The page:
Losar – Wood Horse Year 2041

Celebrating Losar
Celebrating Losar

TRAS sends Losar greetings to all our members.  At this time of year we think of all our Tibetan friends here in Canada, those who have been here awhile and especially this year the newly arrived Tibetans from Arunachal Pradesh.  We also think of their compatriots, spread around the world and in their homeland, and wish them well. We received this lovely description of Losar from Karma Tensum, of the Tibetan Children’s Education Foundation in Montana, with whom we partner with to support Lama Paljor and his hostel and school for children from the remote villages of Sikkim.

 “The Tibetan word LOSAR literally translates ‘New Year’. So Losar is the Tibetan New Year. Calculated according to the Lunar calendar, it falls on different dates, mostly in February. Losar this year is on March 2, 2014. It will be the first day of the Wood Horse Year 2041 according to the Tibetan calendar!

Many of the festivals in the Tibetan culture centre on the Buddhist religion that is so central to Tibetan lives. Losar is by far the biggest non-religious festival. People celebrate Losar to leave behind the obstacles and negativities of the past year and to embrace the new year with rituals of abundance and auspiciousness.
Two days before Losar, there is a ritual to remove the negativities of the past year. In the Tibetan community at Clement Town, N India, where my family lived for many years, the community would flock to the Nyingmapa Monastery. The Rinpoche and monks after accumulating many prayers, do an annual Black Hat Cham or sacred dance that culminates in burning of tormas to symbolize the removal of all negativities.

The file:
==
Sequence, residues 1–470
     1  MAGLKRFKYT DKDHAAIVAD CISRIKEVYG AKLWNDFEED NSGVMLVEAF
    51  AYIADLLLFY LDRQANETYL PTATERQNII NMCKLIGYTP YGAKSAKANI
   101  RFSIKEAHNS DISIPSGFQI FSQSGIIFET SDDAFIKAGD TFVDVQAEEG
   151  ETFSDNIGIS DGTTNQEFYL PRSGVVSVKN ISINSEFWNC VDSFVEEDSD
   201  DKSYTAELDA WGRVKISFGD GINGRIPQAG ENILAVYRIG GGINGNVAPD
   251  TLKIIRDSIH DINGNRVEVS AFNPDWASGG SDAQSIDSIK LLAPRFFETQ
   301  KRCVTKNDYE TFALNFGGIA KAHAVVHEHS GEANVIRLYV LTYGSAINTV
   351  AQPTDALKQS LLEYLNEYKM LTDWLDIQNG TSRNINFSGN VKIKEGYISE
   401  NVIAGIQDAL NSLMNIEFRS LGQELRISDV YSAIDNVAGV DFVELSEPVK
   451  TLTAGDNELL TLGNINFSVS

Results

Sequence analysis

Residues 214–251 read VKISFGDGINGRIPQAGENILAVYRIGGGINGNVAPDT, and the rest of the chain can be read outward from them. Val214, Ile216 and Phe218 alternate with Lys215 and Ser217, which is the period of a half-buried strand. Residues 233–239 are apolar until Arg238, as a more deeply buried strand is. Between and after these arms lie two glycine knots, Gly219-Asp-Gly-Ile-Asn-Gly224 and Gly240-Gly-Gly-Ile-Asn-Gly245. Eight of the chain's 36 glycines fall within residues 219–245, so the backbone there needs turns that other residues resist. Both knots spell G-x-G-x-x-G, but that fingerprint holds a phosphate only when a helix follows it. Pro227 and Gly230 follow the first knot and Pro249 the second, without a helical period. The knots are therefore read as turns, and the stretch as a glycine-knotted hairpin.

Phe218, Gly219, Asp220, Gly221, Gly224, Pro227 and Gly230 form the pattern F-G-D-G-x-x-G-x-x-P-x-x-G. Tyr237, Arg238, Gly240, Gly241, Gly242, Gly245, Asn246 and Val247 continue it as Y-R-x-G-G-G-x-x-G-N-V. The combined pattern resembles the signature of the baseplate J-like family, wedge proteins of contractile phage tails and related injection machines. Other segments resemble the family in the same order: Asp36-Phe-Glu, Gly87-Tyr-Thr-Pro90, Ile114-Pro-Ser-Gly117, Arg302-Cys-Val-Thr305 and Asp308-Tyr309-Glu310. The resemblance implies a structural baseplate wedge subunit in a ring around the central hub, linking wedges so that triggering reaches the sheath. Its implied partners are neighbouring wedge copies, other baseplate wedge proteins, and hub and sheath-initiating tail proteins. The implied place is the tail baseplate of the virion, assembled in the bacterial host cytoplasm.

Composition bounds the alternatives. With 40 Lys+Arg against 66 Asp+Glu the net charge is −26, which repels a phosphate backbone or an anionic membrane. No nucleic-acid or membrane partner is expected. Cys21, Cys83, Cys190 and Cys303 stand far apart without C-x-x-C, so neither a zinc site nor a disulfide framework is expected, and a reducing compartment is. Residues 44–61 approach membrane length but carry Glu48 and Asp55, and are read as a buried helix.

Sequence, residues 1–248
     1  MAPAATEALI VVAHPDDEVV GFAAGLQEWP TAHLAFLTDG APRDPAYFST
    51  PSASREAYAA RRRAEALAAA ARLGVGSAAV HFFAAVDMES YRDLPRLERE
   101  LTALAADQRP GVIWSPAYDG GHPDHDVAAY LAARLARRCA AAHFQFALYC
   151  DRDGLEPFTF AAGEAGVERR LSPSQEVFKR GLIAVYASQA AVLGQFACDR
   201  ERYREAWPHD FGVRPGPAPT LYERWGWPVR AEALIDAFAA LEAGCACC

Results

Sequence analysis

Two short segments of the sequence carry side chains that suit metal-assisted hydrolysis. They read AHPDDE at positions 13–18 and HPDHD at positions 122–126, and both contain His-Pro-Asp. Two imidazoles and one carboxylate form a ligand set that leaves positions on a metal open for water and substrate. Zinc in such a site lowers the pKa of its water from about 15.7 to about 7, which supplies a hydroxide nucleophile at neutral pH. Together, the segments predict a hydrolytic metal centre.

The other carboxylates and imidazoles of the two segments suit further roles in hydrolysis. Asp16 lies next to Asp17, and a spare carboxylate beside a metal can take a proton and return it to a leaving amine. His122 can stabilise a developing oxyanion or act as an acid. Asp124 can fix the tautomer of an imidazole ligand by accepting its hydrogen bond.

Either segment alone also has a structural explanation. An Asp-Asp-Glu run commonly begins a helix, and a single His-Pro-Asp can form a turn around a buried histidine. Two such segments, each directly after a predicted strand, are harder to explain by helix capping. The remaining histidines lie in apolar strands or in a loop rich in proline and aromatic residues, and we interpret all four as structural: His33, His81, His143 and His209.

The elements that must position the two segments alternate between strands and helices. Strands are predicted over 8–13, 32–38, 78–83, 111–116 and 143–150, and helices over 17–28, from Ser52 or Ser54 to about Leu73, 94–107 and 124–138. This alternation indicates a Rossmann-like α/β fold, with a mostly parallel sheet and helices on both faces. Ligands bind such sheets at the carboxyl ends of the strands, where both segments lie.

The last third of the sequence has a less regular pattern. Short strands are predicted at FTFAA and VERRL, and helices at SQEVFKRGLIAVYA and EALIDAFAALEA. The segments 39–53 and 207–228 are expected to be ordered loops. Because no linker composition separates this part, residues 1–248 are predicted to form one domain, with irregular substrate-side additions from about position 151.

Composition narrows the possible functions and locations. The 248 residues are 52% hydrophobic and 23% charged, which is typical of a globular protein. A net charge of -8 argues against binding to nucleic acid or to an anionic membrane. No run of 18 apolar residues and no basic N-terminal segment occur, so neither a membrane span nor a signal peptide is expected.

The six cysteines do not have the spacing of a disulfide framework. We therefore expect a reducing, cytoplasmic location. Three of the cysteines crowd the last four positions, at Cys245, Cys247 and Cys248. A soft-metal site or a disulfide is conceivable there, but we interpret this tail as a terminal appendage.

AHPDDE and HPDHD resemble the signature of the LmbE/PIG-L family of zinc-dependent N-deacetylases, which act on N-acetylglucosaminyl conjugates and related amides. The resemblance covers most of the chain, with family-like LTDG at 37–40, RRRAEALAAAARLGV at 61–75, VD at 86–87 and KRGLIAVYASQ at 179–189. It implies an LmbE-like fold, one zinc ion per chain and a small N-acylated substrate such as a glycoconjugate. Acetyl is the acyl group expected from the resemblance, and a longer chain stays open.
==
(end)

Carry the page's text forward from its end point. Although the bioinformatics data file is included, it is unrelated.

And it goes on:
Celebrating with yoga
Celebrating with yoga

Losar for Tibetans is a time for happiness with friends and family. (It is for the Tibetans what Thanksgiving is to people here in Canada.)

Family reunions, marriages, school vacations, pilgrimages and business ventures are all planned taking Losar dates into consideration. In India, the majority of Tibetans make a living as roadside hawkers, traveling to far away cities to make a livelihood selling sweaters, warm garments and gift items. Almost all of them will wrap up their business, making sure to get home with adequate time for Losar preparations.

For older Tibetans, Losar will be like a collective birthday celebration. In the past, most Tibetans did not keep track of or celebrate their birthdays. Everyone just added a year to their age at Losar.

Finally, for Tibetans, Losar is also a time for prayers and ceremonies to usher abundance, prosperity and good health in the lives of our loved ones.

For being in the lives of the Tibetan children through TRAS, for all your love and support to the Tibetans, we send those prayers to each one of you.